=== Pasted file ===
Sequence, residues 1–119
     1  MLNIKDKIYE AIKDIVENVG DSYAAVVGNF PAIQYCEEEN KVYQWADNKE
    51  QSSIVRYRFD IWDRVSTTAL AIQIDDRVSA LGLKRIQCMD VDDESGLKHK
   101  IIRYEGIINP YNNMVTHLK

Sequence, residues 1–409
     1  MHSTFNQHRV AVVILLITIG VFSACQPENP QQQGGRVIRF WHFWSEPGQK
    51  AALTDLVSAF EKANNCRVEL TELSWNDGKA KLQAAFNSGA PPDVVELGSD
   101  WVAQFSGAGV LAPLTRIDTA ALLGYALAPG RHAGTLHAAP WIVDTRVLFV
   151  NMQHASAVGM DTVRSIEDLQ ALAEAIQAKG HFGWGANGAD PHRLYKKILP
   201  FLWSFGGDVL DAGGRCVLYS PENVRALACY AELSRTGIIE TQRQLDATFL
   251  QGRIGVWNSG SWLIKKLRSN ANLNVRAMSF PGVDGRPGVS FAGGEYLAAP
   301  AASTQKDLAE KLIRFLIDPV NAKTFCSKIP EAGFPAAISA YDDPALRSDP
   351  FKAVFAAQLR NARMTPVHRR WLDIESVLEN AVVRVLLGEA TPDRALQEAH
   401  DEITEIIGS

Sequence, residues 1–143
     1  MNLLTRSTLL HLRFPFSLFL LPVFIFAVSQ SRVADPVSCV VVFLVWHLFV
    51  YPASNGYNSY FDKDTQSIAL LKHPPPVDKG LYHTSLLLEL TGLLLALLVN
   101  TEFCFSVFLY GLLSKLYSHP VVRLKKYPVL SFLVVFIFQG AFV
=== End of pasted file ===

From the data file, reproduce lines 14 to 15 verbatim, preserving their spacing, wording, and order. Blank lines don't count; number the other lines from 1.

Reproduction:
   401  DEITEIIGS

Sequence, residues 1–143